Potential students should be aware of two aspects of distance learning technology--the timing (synchronous or asynchronous) of the delivery of instructional materials, and the medium of delivery. As the term suggests, synchronous means that the instructor and students engage in distance education at the same time, for example, Friday afternoon at 3:00 P.M. The advantage of synchronous learning is that the student has immediate access to the instructor. For synchronous learning the medium of delivery is usually teleconferencing or video classrooms. Video classrooms are specially equipped to accommodate interactive video instruction. The teacher can see and broadcast to students at multiple locations. Students can ask questions directly to the instructor and the rest of the class by activating a microphone at their seats. Many states now have a network of video classrooms located at universities, community colleges, and public offices. The disadvantage of video classrooms is that the student must show up where the video classroom is located, which may be inconvenient for the student. Real-time streaming video over the Internet, while technically possible, hasn't been used very much to date because transmission speeds have not been adequate to produce a quality video image. However, with the projected increases in the future speed of the Internet, one would expect this form of delivery to become more common.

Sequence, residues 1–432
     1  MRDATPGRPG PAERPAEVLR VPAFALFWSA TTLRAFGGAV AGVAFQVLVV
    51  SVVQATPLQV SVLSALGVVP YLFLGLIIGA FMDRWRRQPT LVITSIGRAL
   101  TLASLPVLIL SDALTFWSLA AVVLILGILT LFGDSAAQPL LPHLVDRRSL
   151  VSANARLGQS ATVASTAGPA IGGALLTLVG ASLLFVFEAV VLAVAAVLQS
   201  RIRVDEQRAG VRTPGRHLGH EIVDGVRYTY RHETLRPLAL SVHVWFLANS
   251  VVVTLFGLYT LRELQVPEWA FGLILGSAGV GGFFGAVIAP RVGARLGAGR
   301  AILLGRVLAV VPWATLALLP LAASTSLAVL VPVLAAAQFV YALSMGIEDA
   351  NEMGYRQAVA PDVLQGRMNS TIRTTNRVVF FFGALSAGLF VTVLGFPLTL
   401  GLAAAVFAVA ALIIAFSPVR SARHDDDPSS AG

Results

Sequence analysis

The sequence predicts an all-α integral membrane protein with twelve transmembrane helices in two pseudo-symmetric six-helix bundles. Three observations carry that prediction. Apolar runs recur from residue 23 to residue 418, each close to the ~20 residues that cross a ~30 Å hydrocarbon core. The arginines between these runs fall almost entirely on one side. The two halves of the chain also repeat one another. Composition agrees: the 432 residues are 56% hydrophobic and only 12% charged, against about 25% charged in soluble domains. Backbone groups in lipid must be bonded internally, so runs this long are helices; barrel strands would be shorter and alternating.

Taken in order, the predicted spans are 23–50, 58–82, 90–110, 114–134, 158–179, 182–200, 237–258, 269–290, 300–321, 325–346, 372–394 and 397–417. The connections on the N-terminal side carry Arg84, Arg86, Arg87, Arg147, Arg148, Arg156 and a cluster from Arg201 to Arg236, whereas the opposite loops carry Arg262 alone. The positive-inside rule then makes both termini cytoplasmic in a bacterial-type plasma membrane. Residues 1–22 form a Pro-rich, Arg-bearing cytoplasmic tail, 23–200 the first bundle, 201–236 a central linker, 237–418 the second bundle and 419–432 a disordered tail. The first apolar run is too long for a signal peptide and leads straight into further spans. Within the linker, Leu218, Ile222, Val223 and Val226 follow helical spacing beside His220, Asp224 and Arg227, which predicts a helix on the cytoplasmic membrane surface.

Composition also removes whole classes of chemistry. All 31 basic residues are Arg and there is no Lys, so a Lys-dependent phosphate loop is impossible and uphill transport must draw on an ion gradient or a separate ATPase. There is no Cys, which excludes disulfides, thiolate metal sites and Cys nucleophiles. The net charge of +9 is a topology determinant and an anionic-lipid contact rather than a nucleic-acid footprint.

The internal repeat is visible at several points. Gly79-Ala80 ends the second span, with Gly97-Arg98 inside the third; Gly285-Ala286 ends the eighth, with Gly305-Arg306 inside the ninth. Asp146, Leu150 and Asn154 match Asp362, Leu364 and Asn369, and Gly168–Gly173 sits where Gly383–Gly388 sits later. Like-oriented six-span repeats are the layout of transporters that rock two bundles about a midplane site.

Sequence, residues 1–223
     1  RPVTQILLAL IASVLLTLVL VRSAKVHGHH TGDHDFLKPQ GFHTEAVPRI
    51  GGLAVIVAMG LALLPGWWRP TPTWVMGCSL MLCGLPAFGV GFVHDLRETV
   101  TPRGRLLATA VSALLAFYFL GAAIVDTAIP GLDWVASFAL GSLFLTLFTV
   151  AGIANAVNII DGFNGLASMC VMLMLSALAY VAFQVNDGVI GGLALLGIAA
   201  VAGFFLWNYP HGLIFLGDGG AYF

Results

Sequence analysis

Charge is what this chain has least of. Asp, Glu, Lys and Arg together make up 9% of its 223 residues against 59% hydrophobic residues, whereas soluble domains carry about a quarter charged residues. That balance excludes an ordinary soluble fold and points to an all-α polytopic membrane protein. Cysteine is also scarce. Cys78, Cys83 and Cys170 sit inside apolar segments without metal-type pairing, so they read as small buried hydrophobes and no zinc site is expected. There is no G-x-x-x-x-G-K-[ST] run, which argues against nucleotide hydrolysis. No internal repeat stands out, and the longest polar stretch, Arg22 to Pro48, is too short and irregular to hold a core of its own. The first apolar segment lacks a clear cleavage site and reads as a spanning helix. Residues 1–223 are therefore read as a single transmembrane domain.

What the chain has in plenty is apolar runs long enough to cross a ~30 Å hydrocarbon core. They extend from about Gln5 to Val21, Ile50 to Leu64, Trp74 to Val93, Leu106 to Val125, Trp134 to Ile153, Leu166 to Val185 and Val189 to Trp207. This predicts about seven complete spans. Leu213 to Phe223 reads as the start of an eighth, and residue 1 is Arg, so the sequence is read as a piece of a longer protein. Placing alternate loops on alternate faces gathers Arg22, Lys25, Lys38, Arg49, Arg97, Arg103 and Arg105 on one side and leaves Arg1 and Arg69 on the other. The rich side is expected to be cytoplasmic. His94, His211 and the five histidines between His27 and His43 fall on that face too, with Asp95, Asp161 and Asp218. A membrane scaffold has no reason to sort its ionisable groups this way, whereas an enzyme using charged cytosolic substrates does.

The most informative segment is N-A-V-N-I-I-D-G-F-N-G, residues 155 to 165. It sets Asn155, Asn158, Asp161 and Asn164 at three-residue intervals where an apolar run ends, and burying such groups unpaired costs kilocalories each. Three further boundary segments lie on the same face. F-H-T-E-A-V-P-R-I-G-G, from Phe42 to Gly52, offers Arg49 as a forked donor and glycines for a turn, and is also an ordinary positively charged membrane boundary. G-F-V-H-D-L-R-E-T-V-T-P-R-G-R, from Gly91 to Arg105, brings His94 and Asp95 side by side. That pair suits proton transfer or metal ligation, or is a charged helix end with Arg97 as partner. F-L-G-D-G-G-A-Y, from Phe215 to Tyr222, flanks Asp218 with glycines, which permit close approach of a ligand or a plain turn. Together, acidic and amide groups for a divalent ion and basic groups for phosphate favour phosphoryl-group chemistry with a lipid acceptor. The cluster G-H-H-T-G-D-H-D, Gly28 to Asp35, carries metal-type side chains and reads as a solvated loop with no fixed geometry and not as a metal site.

Asynchronous means that the students and faculty are engaged in the distance learning activity at different times. For the students this usually means a time more convenient for them, such as after work or on weekends. Asynchronous instructional materials are usually in the form of self-paced instructional programs delivered either via the Internet or on compact discs. These programs consist of a digitally linked set of instructional materials such as readings, audio and video recordings, exercises, answers, and tests. The student progresses through the materials at his or her own pace. These programs may be stand-alone packages in the case of CDs, with no additional access to a teacher, or they may include e-mail access to a teacher for answers to questions beyond those contained in the program, which is often the case in online delivery. The disadvantage of online delivery compared to CD delivery is the slow speed of downloading materials to the computer, which can be considerable if there are large graphic or image files. Obviously, the advantage of asynchronous learning is flexibility for the student in the timing and pace of learning. The disadvantage is either having no access or less immediate access to the teacher for individual help.